Earthquake in the Midwest

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Detailed Description

A magnitude-5.2 earthquake struck in southern Illinois on April 18, 2008. Harley Benz, Scientist-in-Charge at the USGS National Earthquake Information Center, fills us in with the details.

Details

Episode Number: 41

Date Taken:

Location Taken: US

Transcript

[Music fades in and fades out.]

Clarice Nassif Ransom

Welcome, and thanks for listening to the USGS CoreCast. I'm Clarice Nassif Ransom. Today, April 18th, a magnitude-5.2 earthquake struck southern Illinois. I'm here today with Harley Benz, Scientist-in-Charge for the U.S. Geological Survey's National Earthquake Information Center. to fill us in on some details about the earthquake. Thank you for joining us Harley.

Harley

You're welcome.

Clarice

Tell me a little bit about what happened today.

Harley

Well, about 4:36 local time, there was a magnitude-5.2 earthquake in southern Illinois. It was about 20 miles from Olney, Illinois, and 35 miles from Evansville, Indiana.

Clarice

Is this earthquake unusual? What's the precedent for earthquakes in this area?

Harley

Well, earthquakes in this area are infrequent but not unexpected. There was an earthquake, a magnitude-5.0 earthquake, on June 18, 2002, about 20 miles from this earthquake in the same area.

Interestingly, but not surprisingly, the style of faulting from these two earthquakes were the same. And this really indicates that it's the same kind of geologic processes that produced both of these earthquakes.

Clarice

How long did this earthquake last? And how widely was it felt?

Harley

Well, this was a moderately sized earthquake. It occurred when most people were sleeping. So anybody that was woken up by this earthquake probably felt a very strong, sharp jolt. And it probably didn't last very long-probably no more than a few seconds. This earthquake was felt throughout the Central U.S. and portions of the Eastern U.S. It was felt as far west as Kansas and as far south as Georgia.

Clarice

How is this different than California earthquakes?

Harley

Well, if you take an earthquake of comparable size in California, it will only be felt regionally-probably only out to, you know, a couple a hundred miles. Whereas an earthquake of this size, we're talking about probably getting felt-reports as far as 500 miles away.

Clarice

Wow. Where can people learn more about earthquakes? And how can they report what they felt during an earthquake?

Harley

Well, people need to go to earthquake.usgs.gov. That's our main portal for earthquake information. And if they go to that main page, they'll find a link to this earthquake. When they click on that link, they can get all sorts of information and details about the earthquake, about the geology of the region, about the occurrence of earthquakes in the region.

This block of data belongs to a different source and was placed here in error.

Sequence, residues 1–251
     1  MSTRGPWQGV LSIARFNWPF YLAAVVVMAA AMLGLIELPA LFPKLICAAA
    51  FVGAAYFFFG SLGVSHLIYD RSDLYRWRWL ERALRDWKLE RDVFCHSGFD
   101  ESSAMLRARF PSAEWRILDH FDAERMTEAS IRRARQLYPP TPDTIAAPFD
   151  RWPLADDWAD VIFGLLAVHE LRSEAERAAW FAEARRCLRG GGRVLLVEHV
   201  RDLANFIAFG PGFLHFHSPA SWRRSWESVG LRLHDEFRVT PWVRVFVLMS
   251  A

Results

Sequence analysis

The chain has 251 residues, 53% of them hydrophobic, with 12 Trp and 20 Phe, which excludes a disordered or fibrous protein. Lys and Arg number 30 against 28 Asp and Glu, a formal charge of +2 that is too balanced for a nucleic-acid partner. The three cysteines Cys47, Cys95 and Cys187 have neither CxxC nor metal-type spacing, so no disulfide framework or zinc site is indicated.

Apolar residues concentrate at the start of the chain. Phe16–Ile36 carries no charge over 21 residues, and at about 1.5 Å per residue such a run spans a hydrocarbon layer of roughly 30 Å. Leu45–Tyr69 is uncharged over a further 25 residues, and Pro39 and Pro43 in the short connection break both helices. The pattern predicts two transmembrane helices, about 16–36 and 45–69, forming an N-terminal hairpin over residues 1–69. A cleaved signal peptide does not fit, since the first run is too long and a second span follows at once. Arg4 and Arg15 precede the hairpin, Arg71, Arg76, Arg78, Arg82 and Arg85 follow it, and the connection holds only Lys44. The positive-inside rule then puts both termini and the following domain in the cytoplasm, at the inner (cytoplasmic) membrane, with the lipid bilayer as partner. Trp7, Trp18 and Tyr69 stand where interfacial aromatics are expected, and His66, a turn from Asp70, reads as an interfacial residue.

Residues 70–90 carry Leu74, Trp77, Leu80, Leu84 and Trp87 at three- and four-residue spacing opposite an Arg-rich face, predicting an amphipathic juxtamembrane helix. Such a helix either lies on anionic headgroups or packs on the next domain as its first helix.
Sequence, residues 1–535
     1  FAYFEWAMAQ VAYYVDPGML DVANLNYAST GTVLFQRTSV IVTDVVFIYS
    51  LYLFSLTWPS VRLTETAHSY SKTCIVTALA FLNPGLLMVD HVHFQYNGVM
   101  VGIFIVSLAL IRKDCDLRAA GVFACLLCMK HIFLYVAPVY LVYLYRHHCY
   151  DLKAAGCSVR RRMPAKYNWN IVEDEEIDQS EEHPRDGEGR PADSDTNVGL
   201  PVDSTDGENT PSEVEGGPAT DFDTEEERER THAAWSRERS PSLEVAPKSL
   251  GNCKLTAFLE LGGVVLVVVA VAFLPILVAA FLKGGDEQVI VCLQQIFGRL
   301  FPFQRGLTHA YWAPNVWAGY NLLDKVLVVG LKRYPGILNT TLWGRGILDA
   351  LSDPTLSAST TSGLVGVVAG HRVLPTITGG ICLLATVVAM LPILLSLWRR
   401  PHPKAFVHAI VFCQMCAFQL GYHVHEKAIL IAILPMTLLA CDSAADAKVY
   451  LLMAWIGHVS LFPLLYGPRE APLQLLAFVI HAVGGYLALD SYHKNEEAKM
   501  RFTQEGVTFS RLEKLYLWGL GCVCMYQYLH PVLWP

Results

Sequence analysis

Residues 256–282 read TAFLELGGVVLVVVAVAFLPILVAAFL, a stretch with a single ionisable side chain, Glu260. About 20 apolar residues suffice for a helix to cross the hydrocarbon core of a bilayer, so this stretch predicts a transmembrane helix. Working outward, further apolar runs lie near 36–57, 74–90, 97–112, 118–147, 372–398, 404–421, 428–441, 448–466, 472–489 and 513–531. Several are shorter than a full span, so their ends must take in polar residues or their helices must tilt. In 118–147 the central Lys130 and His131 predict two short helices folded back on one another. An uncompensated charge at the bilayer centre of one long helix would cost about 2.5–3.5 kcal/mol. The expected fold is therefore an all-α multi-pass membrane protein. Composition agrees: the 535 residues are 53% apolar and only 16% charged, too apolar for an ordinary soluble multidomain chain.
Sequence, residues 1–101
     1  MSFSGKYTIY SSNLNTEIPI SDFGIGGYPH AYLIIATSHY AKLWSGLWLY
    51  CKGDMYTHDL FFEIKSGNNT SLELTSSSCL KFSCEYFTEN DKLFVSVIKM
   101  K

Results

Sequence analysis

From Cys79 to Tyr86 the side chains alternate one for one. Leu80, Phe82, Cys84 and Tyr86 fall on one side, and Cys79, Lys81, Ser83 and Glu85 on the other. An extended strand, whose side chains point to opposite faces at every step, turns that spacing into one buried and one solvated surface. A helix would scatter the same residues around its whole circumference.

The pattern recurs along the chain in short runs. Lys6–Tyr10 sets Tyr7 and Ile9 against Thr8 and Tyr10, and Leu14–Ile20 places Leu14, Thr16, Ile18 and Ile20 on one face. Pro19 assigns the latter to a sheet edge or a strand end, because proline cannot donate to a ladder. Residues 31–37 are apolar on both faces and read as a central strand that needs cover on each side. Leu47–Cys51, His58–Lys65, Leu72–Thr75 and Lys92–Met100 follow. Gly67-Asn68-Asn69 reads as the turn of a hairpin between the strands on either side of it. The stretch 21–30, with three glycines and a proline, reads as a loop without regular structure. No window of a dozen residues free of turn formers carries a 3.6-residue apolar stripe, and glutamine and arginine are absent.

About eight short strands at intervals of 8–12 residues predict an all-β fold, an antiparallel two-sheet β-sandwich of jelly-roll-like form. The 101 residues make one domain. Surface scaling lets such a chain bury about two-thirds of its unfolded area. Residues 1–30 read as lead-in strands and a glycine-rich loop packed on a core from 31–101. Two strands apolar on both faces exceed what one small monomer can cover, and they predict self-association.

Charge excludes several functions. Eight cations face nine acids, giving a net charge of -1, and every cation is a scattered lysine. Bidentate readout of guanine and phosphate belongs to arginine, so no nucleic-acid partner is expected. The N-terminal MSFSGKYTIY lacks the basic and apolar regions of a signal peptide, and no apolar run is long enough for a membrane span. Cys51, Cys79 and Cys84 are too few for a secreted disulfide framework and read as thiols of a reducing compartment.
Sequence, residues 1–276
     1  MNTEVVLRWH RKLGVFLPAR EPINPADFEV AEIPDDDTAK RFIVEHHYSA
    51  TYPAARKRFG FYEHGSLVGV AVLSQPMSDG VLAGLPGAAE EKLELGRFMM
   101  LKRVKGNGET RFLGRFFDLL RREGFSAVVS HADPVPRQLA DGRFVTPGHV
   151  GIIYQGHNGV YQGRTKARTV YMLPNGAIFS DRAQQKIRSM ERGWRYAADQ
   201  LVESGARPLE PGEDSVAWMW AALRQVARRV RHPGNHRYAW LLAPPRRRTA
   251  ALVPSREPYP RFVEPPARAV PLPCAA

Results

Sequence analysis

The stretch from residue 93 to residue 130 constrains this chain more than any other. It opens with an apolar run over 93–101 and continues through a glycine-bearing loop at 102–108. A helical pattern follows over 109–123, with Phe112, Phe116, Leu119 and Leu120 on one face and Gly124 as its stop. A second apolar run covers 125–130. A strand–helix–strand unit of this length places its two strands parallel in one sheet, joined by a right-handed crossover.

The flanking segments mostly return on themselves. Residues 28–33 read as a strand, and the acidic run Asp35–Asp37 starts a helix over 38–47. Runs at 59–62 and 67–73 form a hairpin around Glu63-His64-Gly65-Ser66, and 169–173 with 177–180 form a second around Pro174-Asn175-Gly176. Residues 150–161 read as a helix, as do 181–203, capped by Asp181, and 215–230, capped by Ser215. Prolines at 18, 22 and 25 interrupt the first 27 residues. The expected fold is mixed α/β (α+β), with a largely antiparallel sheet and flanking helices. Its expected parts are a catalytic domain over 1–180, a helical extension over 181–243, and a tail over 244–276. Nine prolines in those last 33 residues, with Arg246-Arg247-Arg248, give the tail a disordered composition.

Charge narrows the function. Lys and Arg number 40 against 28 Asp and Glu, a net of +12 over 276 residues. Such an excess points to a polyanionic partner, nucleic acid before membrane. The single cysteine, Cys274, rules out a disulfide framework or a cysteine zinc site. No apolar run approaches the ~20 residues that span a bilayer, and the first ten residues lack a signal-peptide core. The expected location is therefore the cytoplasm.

But more importantly, they need to look on that page for a link to a thing called "Did You Feel It?" And if they go to that link, then they can report immediately what they felt. They will be asked a series of questions about  . . . did things fall off the walls? What did they feel? How long did they think they felt shaking, etcetera?

Once they've filled out this questionnaire and they submit it, they can immediately see the results of what they've posted along with other roughly 19,000 people that have already reported what they've felt.

Clarice

That's pretty amazing. That's citizen science in action.

Harley

Yeah, absolutely. It's actually invaluable information for us given that earthquakes in this part of the world are infrequent and that they're felt over such large distances. What's important is that citizens can report what they felt, which is citizen science because we use this information both to better understand the impact of this earthquake.

But it's invaluable for us to be able to use that information to predict or to model what would be the likely shaking from a larger earthquake in the area that may produce considerable damage.

So we use it for being able both to understand what happened with this event and be able to understand what we might experience in a larger, more damaging event in the future so we can do scenario modeling.

Clarice

Is there anything else that you would like to share that I forgot to ask?

Harley

Just to reiterate, I think people are always curious about earthquakes, and they really should go to earthquake.usgs.gov because it has lots of information about earthquakes in this area and elsewhere.

And so they can go there and realize that earthquakes are something that affect most of the U.S., not just the Western US problem and see where they are occurring in this part of the world. And if they are worried about earthquake preparation, there are links there on what to do and how to respond as individuals to earthquakes.

Clarice

Harley, again, thanks for joining us.

Harley

You're welcome.

Clarice

And thanks to all of you for listening to this episode of CoreCast. Again, you can find out more information about earthquakes at earthquakes.usgs.gov. CoreCast is a product of the U.S. Geological Survey, Department of the Interior. Until next time, I'm Clarice Nassif Ransom.

(Music fades in and out.)

Music credit:

"100 BPM-Bassline A" by frifrafro 

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